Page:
I have to take some responsibility for the poor results, or rather they must seem to me understandable.  For after all the class discussion about the acceptability of personal opinion in the journals, I had to expect some folks were going to give lots of their opinions a full airing.  But what part of qualifications like “considered,” “substantiated,” and “informed” for those opinions didn’t they understand?  I mean, I even went so far as to drag out that cliché, just to get the attention of kids, “opinions are like assholes, everybuddy’s got one!” 

The gem out of the IMHOs?  On an entry about the Duggar family and an episode of their show about the courtship of their eldest son: “Imagine never kissing your spouse before marriage, or groping their ‘junk’.  Never having a sleep over.  Wow!”

* * * * *

And so I’m beginning to realize that I’m going to have to continue to work on the formal elements of assignments, and I’m probably going to have to devote some more time grading and also probably spread hunks of that time more evenly over a term.  I mean, I think I’m going to have to assign, minimally and to begin with, a paragraph which subsequent to my evaluation students will have to rewrite.  Then I’ll have to work on simple 3-5 paragraph descriptive essays, then argumentative essays.  Then get them to 5 and more pages.  Or some such scradgedy.4

____________________

1I have admitted that I’m really not up to shepherding students through any decent literary types of analyses.   And my efforts to direct students to lines of research – religiously oriented was the aim – in connection with fiction or memoir or biography, logically, was stunted.  But sending the student to research cargo cults to inform her reading of Christopher Moore’s Island of the Sequined Love Nun seemed like a useful avenue (turned out, it wasn’t for that student).

2Well, ok, much more trouble with the format and such things as my directions to identify the author, the intended audience, etc. which I seem to be unable to explain well enough for students to get fine and meaningful results.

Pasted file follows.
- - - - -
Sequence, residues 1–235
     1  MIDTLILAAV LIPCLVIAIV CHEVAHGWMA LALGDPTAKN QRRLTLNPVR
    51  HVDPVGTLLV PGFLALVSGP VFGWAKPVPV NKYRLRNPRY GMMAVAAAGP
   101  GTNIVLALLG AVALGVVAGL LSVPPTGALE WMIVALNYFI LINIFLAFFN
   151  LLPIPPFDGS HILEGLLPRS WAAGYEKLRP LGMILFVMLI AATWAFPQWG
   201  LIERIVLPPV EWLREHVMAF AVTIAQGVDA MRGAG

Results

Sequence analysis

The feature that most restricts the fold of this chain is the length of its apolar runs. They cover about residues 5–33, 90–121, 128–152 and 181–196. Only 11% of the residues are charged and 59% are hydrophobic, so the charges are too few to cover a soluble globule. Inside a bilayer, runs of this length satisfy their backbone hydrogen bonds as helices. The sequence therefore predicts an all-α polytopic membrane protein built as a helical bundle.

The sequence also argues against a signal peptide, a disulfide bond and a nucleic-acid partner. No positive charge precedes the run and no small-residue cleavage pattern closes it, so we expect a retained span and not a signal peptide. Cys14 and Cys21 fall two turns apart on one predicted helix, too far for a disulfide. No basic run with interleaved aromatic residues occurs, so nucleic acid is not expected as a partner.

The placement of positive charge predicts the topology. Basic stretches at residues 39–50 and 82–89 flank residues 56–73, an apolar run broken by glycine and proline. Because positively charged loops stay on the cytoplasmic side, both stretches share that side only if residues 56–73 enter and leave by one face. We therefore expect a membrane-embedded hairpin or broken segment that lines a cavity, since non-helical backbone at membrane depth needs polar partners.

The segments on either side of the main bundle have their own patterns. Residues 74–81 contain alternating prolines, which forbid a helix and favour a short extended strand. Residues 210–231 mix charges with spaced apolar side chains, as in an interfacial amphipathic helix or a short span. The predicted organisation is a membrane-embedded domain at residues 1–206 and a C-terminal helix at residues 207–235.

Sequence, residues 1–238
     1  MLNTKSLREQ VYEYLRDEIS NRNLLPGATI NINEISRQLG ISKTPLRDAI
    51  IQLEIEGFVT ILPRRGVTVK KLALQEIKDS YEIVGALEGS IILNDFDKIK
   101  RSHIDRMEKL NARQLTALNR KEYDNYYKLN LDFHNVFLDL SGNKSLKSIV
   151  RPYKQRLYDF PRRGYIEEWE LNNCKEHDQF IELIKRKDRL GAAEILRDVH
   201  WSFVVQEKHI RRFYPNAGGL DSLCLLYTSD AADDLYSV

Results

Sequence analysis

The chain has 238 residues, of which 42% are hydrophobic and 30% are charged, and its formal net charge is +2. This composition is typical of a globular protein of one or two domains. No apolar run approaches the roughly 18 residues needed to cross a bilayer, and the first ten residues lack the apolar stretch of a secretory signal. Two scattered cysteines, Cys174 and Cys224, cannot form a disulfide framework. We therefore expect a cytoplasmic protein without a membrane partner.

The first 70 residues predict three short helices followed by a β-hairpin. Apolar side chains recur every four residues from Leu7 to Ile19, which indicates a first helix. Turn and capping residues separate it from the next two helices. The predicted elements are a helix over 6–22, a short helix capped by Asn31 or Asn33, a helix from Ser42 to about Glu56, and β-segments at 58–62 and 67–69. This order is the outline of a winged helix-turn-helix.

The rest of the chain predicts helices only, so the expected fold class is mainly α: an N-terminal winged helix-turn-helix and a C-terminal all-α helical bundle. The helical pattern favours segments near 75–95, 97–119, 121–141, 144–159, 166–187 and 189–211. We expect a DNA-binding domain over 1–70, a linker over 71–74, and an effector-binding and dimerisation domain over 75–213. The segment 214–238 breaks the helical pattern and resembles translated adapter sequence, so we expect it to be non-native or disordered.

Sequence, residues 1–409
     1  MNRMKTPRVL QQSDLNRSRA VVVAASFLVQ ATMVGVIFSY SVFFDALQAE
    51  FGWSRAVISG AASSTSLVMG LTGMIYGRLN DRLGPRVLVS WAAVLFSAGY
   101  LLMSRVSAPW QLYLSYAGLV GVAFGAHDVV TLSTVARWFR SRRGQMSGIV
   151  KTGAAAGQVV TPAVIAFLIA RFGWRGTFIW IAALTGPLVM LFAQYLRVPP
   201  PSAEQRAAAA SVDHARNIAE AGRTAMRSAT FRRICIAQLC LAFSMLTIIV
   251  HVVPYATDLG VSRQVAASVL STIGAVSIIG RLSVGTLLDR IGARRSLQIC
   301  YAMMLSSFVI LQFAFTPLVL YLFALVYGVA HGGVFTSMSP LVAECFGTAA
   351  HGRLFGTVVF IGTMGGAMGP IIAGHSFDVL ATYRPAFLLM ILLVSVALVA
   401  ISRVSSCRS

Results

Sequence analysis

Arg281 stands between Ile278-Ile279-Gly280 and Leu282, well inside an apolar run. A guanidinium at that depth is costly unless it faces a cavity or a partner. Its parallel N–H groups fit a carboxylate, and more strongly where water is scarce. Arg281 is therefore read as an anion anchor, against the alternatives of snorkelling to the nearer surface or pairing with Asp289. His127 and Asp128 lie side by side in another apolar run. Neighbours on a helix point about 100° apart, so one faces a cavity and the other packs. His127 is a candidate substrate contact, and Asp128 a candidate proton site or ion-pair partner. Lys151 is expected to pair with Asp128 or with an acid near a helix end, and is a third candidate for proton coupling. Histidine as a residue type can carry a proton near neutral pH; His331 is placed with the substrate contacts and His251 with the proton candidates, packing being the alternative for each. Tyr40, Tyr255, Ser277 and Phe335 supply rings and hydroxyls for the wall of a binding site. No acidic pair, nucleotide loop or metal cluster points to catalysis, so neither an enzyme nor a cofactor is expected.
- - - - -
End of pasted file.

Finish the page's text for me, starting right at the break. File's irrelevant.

3I got this gem as media in one journal (which the author received in an email from her grandmother!):

Finally, Someone Has Cleared This Up For Me.

For centuries, Hindu women have worn a spot on their foreheads. We have always naively thought that it had something to do with their Religion.

The Indian Embassy in Washington, D.C has recently revealed the true story.

When a Hindu woman gets married, she brings a dowry into the union. On her wedding night, the husband scratches off the spot to see whether he has won a convenience store, a gas station, a donut shop or a motel in the United States. If not, he must take a job in India answering telephones giving technical advice.

ISYN, she comments:

One good thing to note about this email, is that its travelling around North America.  This says something about our curiosity of other religions in the world.

The rest is also so oblivious that I don’t know if she simply didn’t understand or actually thinks there are prizes under bindis.

Oh, right, I forgot, this is the same woman who thinks Jews (among others) are irreligious if they don’t adhere to the strictest legal and religious prescriptions of their tradition. 

4I tried one other new thing this term and I’m not inclined to repeat it.  Each of my end of term exams had as 50% of their content 2 essays chosen from 4 topics.  Since performance on this part of exams has been rather poor in the past, I decided I would provide the topics to the students in all three classes in advance and instruct them to prepare whichever two they preferred.  I’m not fucking kidding, the results were worse than before.